by Jacqueline Tucci
Les Stroud



“You aren’t going to protect what you don’t love. You aren’t going to love what you don’t know. And you aren’t going to know what you don’t experience.” Les Stroud tells me.

These words have been something of a guiding force for Stroud, through his life and career, and especially through the production of his latest album, Bittern Lake.

Stroud meets me mid-morning in a St Clair Avenue coffee shop in Toronto, dressed sharply in a collared shirt featuring prints of various jungle animals – something seemingly custom-designed for the man known to most as Survivorman. The crisp collar coupled with a trendy pair of sunglasses is his “Bruce Willis look,” Stroud jokes. Maybe not the most appropriate choice for a wilderness camp-out, but definitely a fit for an inner-city interview – his last of the day before he hits the road back up to his home in Northern Ontario.

Bittern Lake (the one in Ontario, not to be mistaken for the one in Alberta), is where Stroud calls home, and it’s also the name of his fifth studio album, released earlier this month on Mother Earth Productions.

“It’s not so much an homage to that lake. It’s more about where and how we recorded.”, he says.

For this album, and all of his previous, Stroud took an approach to recording that he refers to as “old school” – the antithesis of the modern studio album.

“All the musicians are in this one room overlooking the water, and playing the music and being real musicians again.”, he says.

The process is organic and opens the door to what Stroud calls “happy accidents.”

“Sometimes the bass player will do something and you’ll go, “whoa, what was that?” Or, “never do that again.” But either way, it’s not this clinical approach to music.” This natural approach is not only evident in the album’s sound and overall atmosphere; it’s raw, organic, and connected – a common feature of the songs themselves.

The 10-track album is a mix of Stroud’s original songwriting, sprinkled in with a few choice covers, which, if you didn’t know any better, you might not even identify as covers, as the songs completely surrender themselves to Stroud’s spirit and process.

The covers, which include tracks Death In The Wilderness by J. J. Cale, Big Yellow Taxi by Joni Mitchell, and If a Tree Falls by Bruce Cockburn, were all chosen deliberately for their lyrical subjects and all received a stamp of approval from their original writers.

“It was like getting a letter from the Queen.”, Stroud said, recounting the moment he received a letter from Joni Mitchell, informing him that she had heard and enjoyed his take on her famous anthem.

The album’s tracks – originals and covers alike – are united under a common theme of celebration and protection of the Earth – something Stroud is deeply connected with and passionate about, although that may be an understatement.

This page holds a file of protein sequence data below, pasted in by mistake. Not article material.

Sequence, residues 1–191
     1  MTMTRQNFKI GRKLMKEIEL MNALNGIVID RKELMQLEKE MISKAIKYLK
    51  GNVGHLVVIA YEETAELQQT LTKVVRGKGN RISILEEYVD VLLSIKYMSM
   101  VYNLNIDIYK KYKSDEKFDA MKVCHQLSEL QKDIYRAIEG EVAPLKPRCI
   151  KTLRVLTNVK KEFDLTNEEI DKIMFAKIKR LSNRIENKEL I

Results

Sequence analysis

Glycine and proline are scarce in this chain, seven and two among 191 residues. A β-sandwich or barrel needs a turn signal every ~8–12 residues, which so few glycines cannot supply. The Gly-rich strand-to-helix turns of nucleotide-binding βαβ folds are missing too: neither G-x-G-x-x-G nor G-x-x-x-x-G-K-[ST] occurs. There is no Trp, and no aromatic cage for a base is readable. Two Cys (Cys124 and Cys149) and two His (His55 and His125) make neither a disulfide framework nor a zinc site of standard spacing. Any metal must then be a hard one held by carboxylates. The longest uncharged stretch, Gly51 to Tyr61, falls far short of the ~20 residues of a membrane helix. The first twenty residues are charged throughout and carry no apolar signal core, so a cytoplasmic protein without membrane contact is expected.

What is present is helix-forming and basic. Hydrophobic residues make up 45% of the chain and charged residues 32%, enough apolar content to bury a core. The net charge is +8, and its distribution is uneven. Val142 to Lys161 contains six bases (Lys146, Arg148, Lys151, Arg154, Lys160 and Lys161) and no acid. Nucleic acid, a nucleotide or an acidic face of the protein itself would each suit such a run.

Stroud has dedicated his life to bringing the public closer to the natural environment – through his work on TV with his show Survivorman for which he often acted as videographer, producer, and host, putting himself in all kinds of wild situations, to his music, where he takes inspiration from his travels and time in nature for his songwriting. The objective and the message has always been the same.


“I like to consider myself to be a prolific person and artist, and yet, I don’t just want to produce content and numbers. I want quality, and to me quality is intertwined with a real message – what are you really saying? Survivorman was all about connecting people to the earth, it wasn’t about shelters, it was about getting you outside again.”, he says. With music, Stroud is continuing to push this message.

A believer in the idea that one doesn’t necessarily have to travel very far to be immersed in nature, Stroud stresses that simply walking out of your front door will bring you face-to-face with the natural world. “You don’t have to go to Peru – there’s a park right here in Toronto, and you can sit in it, and it feels pretty nice.” He says.

For Stroud, music is an integral part of that experience, too. As a songwriter, he uses the music as another medium for a message. “I learnt through Bruce Cockburn, the music’s never going to change the world, but it can facilitate. It can bring people to the revolution.” He says.

Bruce Cockburn has been an idol in music for Stroud, and recently, they began working together, writing music for the soundtrack of Stroud’s first feature film,  La Loche – a documentary about the 2016 school shooting in La Loche, Saskatchewan.

Not one to sit still, Stroud also has another fully completed studio album ready to be released – which will see a shake-up to Stroud’s usual style and will even feature a guitar solo from Slash. “It doesn’t feel like I’m switching gears, it’s just a horizontal step with things I’ve been gathering my whole life. I’m not spring chicken. I’ve had a lifetime to collect influences.” he says of his ability to easily traverse all of these wide-ranging projects at one time.

Through all of the various projects – as different as they seem – the idea of the music being a means for the message radiates. There is no denying that Les Stroud has something to say, and on Bittern Lake, it was said loud and clear. “I just couldn’t do my art without it being real.”, he says. “And I think you can feel that in my heart anyway.”

Bittern Lake is available now.

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